3. Maintain high average battery capacities (90% to 95%) compared to on-off regulated state-of-charge levels that are typically 55% to 60%.
4. Equalize drifting battery cells.
5. Reduce battery heating and gassing.
6. Automatically adjust for battery aging.
7. Self-regulate for voltage drops and temperature effects in solar systems."
My main deep cycle batteries were pretty old, heavily sulphated and running at maybe a quarter of their original capacity. As per the above statement, the Morningstar people claim that their PWM charge controller technology will actually desulphate and restore aging batteries, and I am happy to report that it is indeed true! I had been using a fairly sophisticated microprocessor controlled charger with 'float' circuitry that theoretically detects and maintains a full charge, running off shore power, and when I started using the Sunsaver/solar panel combo, my disconnected battery voltage was much higher and I had many more amp-hours of capacity than I had before.
When I first installed the system, I monitored the battery condition very closely to see how it was holding up, but I soon stopped bothering about it because I realized I had plenty of capacity. I made several 10 day trips with Serenade, with days of rain and cloud, and never even came close to flattening the batteries, and I have never hooked up to shore power again.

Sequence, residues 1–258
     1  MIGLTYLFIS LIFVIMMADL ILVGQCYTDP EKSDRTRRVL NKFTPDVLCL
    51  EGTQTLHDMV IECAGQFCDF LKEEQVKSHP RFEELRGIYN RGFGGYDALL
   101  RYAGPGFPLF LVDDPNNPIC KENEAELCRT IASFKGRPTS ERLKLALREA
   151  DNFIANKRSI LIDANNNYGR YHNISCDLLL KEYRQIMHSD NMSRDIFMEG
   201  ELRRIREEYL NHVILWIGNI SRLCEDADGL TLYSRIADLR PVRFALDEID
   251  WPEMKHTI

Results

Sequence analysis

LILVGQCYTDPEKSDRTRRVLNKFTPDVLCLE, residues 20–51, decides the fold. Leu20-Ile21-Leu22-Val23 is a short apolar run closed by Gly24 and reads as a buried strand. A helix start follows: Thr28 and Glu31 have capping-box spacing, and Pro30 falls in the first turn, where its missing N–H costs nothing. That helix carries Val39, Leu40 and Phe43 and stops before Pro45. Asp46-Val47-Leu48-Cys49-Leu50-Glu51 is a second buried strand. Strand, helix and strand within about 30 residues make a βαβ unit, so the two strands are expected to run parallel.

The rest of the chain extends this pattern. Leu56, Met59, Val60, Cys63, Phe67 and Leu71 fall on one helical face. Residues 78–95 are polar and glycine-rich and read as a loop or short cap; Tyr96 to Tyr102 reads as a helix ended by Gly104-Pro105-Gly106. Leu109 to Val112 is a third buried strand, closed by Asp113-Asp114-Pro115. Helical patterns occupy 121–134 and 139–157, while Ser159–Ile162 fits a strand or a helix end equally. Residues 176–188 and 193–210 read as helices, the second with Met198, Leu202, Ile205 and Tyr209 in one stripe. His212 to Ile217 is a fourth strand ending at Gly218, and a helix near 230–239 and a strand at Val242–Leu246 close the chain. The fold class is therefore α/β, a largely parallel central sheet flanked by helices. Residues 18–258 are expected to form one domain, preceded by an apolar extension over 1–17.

I have since replaced the old deep cycle batteries and added two more deep cycle golf cart batteries for an extra measure of capacity (about 450 amp-hours total), and even under heavy use the system seems to stay well up from the discharged zone. (400 amp-hours means I can theoretically discharge the batteries at a rate of 10 amps for 45 hours. At night, with no charging source, so even with fireplace fans and lights running part of the time, 12 hours of darkness still leaves me with plenty of capacity in the morning before the system starts charging again).
At times I switch my outboard into the circuit, so that the little 6 amp alternator will help boost the system, but I don't use it very often because I'm sailing whenever I can. Since the engine is very quiet and fuel efficient, I think of it as an emergency generator should the solar system ever fail (unlikely).